Matthew Arnold Poems

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Matthew Arnold
Matthew Arnold (24 December 1822 – 15 April 1888) was an English poet and cultural critic, who worked as an inspector of schools. He was the son of Thomas Arnold, the famed headmaster of Rugby School, and brother to Tom Arnold, literary professor, and William Delafield Arnold, novelist and colonial administrator. Matthew Arnold was born in Laleham, Middlesex in the year 1822. He was the second child (of nine) and the eldest son of Thomas Arnold and Mary Penrose Arnold. Reverend John Keble, who would become one of the leaders of the Oxford Movement, stood as godfather to Matthew. "Thomas Arnold admired Keble's 'hymns' in The Christian Year, only reversing himself with exasperation when this old friend became a Romeward-tending 'High Church' reactionary in the 1830s. " In 1828, Arnold's father was appointed Headmaster of Rugby School and his young family took up residence, that year, in the Headmaster's house. In 1831, Arnold was tutored by his uncle, the Reverend John Buckland, at Laleham. In 1834, the Arnolds occupied a holiday home, Fox How, in the Lake District. William Wordsworth was a neighbor and close friend. Fox How became the family home after Dr. Arnold's untimely death in 1842.

to his conscience
Can I not sin, but thou wilt be
My private protonotary?
Can I not woo thee to pass by... [read poem]
to daffodils
Fair Daffodils, we weep to see
You haste away so soon;
As yet the early-rising sun... [read poem]
Hark! ah, the nightingale--
The tawny-throated!
Hark, from that moonlit cedar what a burst... [read poem]
delight in disorder
A sweet disorder in the dress
Kindles in clothes a wantonness;
A lawn about the shoulders ... [read poem]
dover beach
The sea is calm to-night,
The tide is full, the moon lies fair
Upon the straits; -- on the... [read poem]
what kind of mistress he would have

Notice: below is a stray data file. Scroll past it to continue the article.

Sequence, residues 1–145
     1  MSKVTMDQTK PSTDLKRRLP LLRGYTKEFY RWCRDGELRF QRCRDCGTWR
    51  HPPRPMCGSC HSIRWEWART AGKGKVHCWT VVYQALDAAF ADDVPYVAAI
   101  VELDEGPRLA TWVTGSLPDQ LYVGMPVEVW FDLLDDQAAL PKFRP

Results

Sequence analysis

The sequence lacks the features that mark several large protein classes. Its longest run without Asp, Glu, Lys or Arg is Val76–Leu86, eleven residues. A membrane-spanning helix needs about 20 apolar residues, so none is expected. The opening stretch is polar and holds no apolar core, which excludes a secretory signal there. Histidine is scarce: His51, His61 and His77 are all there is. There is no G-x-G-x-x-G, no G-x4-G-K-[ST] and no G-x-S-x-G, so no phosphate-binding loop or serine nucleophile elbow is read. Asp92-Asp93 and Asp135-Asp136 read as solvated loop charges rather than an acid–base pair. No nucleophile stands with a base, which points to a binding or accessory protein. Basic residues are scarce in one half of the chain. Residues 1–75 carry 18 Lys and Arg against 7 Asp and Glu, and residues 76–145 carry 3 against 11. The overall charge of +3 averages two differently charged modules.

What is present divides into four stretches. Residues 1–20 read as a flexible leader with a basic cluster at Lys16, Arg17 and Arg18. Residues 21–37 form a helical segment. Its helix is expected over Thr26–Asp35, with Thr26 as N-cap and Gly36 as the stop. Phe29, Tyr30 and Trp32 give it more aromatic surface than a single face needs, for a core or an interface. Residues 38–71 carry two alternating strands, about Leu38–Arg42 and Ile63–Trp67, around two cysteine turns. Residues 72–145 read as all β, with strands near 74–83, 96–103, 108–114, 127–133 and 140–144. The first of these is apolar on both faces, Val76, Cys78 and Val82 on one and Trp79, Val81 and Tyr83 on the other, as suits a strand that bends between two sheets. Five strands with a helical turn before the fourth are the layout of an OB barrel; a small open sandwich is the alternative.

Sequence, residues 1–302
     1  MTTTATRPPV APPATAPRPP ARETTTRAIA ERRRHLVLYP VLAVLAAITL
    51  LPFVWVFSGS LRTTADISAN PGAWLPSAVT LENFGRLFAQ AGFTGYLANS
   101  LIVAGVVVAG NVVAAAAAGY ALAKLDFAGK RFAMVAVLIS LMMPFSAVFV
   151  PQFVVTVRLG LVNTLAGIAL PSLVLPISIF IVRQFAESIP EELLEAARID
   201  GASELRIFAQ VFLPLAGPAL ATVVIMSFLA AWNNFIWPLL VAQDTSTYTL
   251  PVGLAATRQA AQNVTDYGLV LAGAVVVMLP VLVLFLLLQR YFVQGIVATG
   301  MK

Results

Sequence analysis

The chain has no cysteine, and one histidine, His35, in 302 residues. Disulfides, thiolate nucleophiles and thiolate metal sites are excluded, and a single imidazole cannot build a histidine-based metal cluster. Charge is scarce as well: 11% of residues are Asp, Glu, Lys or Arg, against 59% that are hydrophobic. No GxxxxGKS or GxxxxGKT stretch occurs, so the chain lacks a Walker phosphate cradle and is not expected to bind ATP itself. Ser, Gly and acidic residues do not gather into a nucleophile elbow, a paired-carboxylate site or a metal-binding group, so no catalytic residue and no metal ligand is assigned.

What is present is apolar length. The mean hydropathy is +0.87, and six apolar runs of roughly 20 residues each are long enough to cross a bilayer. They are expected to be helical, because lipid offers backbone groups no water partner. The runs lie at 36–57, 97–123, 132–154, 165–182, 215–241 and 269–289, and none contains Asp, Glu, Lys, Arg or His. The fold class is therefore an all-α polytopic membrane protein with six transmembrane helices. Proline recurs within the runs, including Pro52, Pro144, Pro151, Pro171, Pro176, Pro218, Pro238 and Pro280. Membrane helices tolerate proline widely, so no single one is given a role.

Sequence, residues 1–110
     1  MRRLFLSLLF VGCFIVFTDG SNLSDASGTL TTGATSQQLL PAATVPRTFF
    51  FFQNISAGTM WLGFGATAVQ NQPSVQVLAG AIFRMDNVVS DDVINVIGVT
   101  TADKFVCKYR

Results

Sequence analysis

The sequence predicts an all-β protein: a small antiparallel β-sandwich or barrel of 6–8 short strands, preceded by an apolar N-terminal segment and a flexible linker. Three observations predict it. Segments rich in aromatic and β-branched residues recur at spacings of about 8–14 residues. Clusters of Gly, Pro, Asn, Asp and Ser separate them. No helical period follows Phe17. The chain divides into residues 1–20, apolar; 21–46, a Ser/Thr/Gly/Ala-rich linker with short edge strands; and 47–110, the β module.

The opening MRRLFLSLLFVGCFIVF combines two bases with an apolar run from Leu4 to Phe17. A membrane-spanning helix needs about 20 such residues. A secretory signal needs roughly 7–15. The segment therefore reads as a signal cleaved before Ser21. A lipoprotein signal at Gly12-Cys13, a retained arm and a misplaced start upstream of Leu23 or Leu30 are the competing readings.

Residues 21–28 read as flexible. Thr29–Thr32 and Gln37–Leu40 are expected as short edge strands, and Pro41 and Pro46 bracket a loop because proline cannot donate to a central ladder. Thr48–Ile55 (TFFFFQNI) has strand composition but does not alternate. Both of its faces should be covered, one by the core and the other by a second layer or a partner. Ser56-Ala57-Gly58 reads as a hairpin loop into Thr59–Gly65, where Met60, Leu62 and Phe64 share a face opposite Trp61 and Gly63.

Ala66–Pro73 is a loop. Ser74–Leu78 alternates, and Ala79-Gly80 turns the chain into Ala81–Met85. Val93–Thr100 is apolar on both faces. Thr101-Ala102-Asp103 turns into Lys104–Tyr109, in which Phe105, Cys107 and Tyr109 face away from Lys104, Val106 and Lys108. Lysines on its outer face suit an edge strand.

Be the mistress of my choice,
Clean in manners, clear in voice;
Be she witty, more than wi... [read poem]
corinna's going a-maying
Get up, get up for shame, the blooming Morn
Upon her wings presents the god unshorn.
... [read poem]
to virgins, to make much of time
Gather ye rosebuds while ye may,
Old Time is still a-flying;
And this same flower th... [read poem]
to live merrily, and to trust to good verses
Now is the time for mirth,
Nor cheek or tongue be dumb;
For with the flow'ry earth... [read poem]
his prayer for absolution
For those my unbaptized rhymes,
Writ in my wild unhallowed times,
For every sentence, clau... [read poem]
another grace for a child
Here a little child I stand
Heaving up my either hand;
Cold as paddocks though they be,... [read poem]
the bad season makes the poet sad
Dull to myself, and almost dead to these
My many fresh and fragrant mistresses;
Lost to al... [read poem]
the argument of his book
I sing of brooks, of blossoms, birds, and bowers,
Of April, May, of June, and July flowers.... [read poem]
upon julia's clothes
Whenas in silks my Julia goes,
Then, then (methinks) how sweetly flows
That liquefaction o... [read poem]
upon the loss of his mistresses
I have lost, and lately, these
Many dainty mistresses:
Stately Julia, prime of all;
S... [read poem]
his return to london
From the dull confines of the drooping west
To see the day spring from the pregnant east,
... [read poem]
the night piece, to julia
Her eyes the glow-worm lend thee,
The shooting stars attend thee;
And the elves also... [read poem]
upon parson beanes
Old Parson Beanes hunts six days of the week,
And on the seventh, he has his notes to seek.... [read poem]
an ode to ben jonson
Ah Ben!
Say how, or when
Shall we thy guests
... [read poem]
discontents in devon
More discontents I never had
Since I was born, than here;
Where I have been, and sti... [read poem]
his wish to god
I would to God, that mine old age might have
Before my last, but here a living grave;
Some... [read poem]
when he would have his verses read
In sober mornings do thou not rehearse
The holy incantation of a verse;
But when that men ... [read poem]
his prayer to ben jonson
When I a verse shall make,
Know I have pray'd thee,
For old religion's sake,
Saint Be... [read poem]
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